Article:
The built-in list that Windows uses to correlate a file extension to the program that will open it is stored in the Windows Registry, and it can be controlled via Group Policy. Preventing execution of the malicious JS payload from SocGholish, or any other threat, is as simple as changing the default program from the Windows Script Host to something that will not execute the code. A common option is to set potentially harmful scripts to open in a text editor by default, such as Notepad. This is exactly what Chuck’s advice helps you do.

So what happens when an organization takes this advice and tells Windows to open scripts with Notepad? Do the threats just go away? Well, not completely. But they don’t break through defenses and wreak havoc either. To explore this question, we set out looking for examples of Notepad being used to open JS files in customer environments. Sifting through those hunting results, we quickly found some interesting activity:

"C:\WINDOWS\system32\notepad.exe" 
"C:\Users\USERNAME\AppData\Local\Temp\12345678-cdef-4321-abcd-123456789abc_Update - 35129.zip.f7b\Update_123.0.6312.111.js"

The naming conventions Update - 35129.zip and Update_123.0.6312.111.js are consistent with recent Scarlet Goldfinch activity. Digging a bit deeper, we identified multiple instances in the past month of users falling for the Scarlet Goldfinch fake update lure, downloading the ZIP file, extracting the contents, and double-clicking on the JS payload. But instead of receiving a high-severity threat detection for malicious software from Red Canary, these users just saw a Notepad window displaying the complex JavaScript contents of the alleged update. The users likely closed the window and moved on with their day, unaware how close they’d come to having their machine isolated and a ticket opened to have it reimaged. Had the default program not been changed, Red Canary likely would have detected follow-on activity emanating from the malicious JavaScript payload.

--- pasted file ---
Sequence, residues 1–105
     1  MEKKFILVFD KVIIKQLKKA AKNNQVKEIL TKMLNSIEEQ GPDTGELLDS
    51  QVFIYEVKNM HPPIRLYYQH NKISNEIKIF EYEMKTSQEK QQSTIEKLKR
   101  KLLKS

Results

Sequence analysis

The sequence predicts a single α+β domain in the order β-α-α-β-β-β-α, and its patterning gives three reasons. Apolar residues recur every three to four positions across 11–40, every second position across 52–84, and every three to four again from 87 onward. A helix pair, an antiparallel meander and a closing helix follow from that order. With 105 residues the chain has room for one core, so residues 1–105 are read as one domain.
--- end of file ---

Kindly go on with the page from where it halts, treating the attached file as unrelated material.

Conclusion

While this solution is not a panacea, we found it noteworthy that of the environments where we observed malicious JS files opened with Notepad, none have seen successful execution of Scarlet Goldfinch, SocGholish, or Gootloader. Given the prevalence of these threats across our customers, this appears to be a successful mitigation. While changing default user behavior can often be difficult, changing default computer behavior is much easier. Sometimes mitigating a prevalent threat is just a click away.

 

Note: Implementing this policy should not interfere with other legitimate software that relies on script file execution. Executing things like JavaScript in a browser is handled within the context of that software. The Windows default “Open with” list only applies when a file is opened without specific context, such as when a user clicks on the file from Windows Explorer. If the user really wants to run the script, they can still explicitly specify which program they’d like to use to execute the file. That said, if your organization relies on users to execute scripts regularly, you may want to consider how this type of change could impact daily routines for your users before implementing the policy.